All-in is where I place a bet of everything I have.  My poker faith is not based on the strength or value of my hand; my faith is based on my ability to “read” the other players and to act on the confidence I have that those who might have stronger hands will fold and leave the game; and that my hand is better than those who remain; in other words, I trust my ability to play poker and win by going all-in.

Salvation is very much like this.  We may have little to bring to God, but we bring it all.  We exercise our faith and believe in God by going “all in”.  That is, we commit to God that we will trust Him to save us and to meet all the other wonderful promises in His word.  We give everything we have to Him in trust, we hold nothing back.

When we go “all-in” with God, he knows if we are holding anything back.  We can pretend to fully trust, but God and I would both know of the pretense.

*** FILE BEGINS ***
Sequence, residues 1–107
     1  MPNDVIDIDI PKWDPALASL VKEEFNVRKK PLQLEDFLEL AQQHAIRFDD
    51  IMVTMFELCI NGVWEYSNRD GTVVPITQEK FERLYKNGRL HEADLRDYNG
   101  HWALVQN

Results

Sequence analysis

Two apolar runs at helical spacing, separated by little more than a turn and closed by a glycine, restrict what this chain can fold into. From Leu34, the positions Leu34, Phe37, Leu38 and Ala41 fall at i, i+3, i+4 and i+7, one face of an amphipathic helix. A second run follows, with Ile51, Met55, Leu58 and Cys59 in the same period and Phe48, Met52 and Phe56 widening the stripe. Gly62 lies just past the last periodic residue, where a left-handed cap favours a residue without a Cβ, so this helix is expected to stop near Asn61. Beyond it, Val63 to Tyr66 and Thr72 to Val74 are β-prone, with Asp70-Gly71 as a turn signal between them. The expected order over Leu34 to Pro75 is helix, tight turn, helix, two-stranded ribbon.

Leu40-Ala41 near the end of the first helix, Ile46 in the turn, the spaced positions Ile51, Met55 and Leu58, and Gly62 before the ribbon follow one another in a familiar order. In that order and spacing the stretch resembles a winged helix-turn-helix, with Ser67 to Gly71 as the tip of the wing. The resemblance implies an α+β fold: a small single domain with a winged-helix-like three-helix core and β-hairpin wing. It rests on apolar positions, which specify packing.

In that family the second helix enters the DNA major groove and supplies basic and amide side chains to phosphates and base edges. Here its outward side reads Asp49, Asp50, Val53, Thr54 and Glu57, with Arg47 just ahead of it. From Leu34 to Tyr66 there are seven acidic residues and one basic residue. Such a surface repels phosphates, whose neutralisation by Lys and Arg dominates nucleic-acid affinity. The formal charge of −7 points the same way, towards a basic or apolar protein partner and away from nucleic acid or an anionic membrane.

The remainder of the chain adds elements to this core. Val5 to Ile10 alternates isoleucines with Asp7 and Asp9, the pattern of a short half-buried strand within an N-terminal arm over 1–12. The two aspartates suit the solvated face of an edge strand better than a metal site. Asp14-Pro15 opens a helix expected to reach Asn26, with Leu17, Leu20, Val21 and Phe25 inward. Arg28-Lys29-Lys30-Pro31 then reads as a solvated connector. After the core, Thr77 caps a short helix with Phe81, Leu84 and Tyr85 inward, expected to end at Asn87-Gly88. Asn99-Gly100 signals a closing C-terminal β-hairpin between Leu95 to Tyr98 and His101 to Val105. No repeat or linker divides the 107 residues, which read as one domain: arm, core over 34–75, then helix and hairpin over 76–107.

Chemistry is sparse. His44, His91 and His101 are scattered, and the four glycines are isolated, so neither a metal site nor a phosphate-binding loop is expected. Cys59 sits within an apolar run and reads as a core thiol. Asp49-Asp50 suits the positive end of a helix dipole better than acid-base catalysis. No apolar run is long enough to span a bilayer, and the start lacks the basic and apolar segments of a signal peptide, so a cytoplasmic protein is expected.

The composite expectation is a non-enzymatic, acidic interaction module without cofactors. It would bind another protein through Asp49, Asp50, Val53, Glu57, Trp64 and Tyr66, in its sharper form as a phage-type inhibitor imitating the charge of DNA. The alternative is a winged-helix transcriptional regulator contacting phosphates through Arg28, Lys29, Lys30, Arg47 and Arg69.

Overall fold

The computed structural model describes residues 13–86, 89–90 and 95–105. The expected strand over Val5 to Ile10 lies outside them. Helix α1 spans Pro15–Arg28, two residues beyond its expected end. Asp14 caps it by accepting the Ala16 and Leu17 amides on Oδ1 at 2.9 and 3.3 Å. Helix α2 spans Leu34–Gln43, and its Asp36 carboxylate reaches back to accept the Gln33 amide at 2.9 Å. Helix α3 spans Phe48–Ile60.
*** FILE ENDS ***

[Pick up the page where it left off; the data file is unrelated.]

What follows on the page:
The Bible tells us that when we make this one act of trust, as an expression of our faith and belief  — that God “seals” us for eternity.  Even more compelling, he says that he will adopt us a sons, with all rights and privileges therein.

What does he REQUIRE in return?  Nothing.

What does he ASK in return?  He asks that we do our best to honor our bet – that is, to give him everything.  This means that we live a life that looks right in God’s eyes.  The Bible calls this righteousness.

Notice I said “ask”.  God knows we will fail.  He knows we will stumble.  All kids do.  But as a loving father, He is there to pick us up, dust us off, put band-aids on our injuries, and help us get back on the path of life.

You might say to yourself:  “Wow, that would mean I have to give up _____”  (you fill in the blank).  I’ve heard many people who are considering taking the steps of faith and trust say this.  But the mystery of this process is that once you place your trust in Jesus, you will want to give up those things.  You will want to please Him.